On Tuesday Apple lit the internet ablaze with the announcement of their long anticipated iPad Mini. Smaller than its older brother – the iPad – and cheaper as well, it set a new spot in Apple’s product lineup. Prior to this, Apple’s late CEO Steve Jobs stated it hadn’t been interested in a 7-inch tablet, but it looks like the slew of budget Android tablets has pressured them into it.
Technically, Apple didn’t go back on Steve Jobs’ word of never making a 7-inch tablet, as the iPad Mini has a 7.9-inch display. Sure, it may be closer to 8-inches, but that’s pretty damn close by my standards. And what does this tell me? Apple is scared. The popularity of budget tablets like the Kindle Fire and Nexus 7 scared them, so they needed to launch a product to compete.
Apple may have made a “cheaper” tablet, but at a starting price of $329 for the 16GB model, that’s an extra $80 premium from the Nexus 7 with the same amount of storage. Come the 29th, we’re most likely going to see a Nexus 7 with double the storage, retaining that $250 price point.
Storage is only the beginning, as the Nexus 7 contains an arguably better processor, along with a display that is both higher resolution and sporting a higher PPI. For people who are in the loop with the interior of gadgets they buy, it doesn’t make logical sense to purchase an iPad Mini. And that’s what’s going to save Android tablets.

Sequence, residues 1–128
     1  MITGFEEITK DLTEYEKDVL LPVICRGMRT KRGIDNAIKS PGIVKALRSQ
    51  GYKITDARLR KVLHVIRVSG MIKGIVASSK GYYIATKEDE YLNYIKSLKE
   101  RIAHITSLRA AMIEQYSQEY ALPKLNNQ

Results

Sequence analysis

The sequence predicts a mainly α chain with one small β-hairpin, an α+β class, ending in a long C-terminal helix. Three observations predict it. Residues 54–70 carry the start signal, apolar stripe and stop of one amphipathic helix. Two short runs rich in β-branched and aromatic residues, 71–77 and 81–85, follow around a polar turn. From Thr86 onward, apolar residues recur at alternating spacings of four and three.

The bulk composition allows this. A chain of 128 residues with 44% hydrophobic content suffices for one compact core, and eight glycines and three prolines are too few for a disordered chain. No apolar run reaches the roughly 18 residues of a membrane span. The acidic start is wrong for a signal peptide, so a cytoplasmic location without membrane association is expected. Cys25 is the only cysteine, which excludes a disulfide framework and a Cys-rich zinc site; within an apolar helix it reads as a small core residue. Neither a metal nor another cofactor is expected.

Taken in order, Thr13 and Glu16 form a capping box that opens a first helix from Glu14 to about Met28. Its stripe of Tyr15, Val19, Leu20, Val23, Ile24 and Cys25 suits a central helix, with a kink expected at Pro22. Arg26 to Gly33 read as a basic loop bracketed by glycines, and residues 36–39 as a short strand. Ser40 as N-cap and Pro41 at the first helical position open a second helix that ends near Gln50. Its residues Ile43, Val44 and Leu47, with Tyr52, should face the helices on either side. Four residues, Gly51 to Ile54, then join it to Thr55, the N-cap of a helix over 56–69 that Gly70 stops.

Looking to the past few years, Apple’s iPad has no doubt been a huge success. Competitors like Samsung and ASUS have tried to sell Android alternatives, prime examples being the Galaxy Tab 10.1 and ASUS’ Transformer line of tablets. Hovering near the price point of the iPad, none haven’t received sales anywhere near Apple’s tablet. Amazon released the Kindle Fire, and we learned that people are willing to try Android for the right price. A budget Nexus device later, and Apple is feeling the heat.
But, Apple stuck to its greedy way, and the iPad Mini is in its own price category. No, it’s not ridiculously expensive, but it’s created its own area in the tablet market. As of now, Android tablets will be able to still sell at their low $200 price points, and there’s one big thing Apple forgot about: brand loyalty.
Android tablets are in the hands of consumers now. Not just a few, but more than enough to make a solid impact on the market. That means that people will come back to what they know and love, with Android still holding a spot in the Android market.
Once that happens, manufacturers can begin marketing higher-end, more expensive tablets. They may not garner iPad sales, though slowly but surely the market will be overtaken. Android’s true domination will begin.
It’s thoughts like these that keep me awake at night, and it’s quite a long shot away. However, we all know that sooner or later the beast known as Apple must be slain.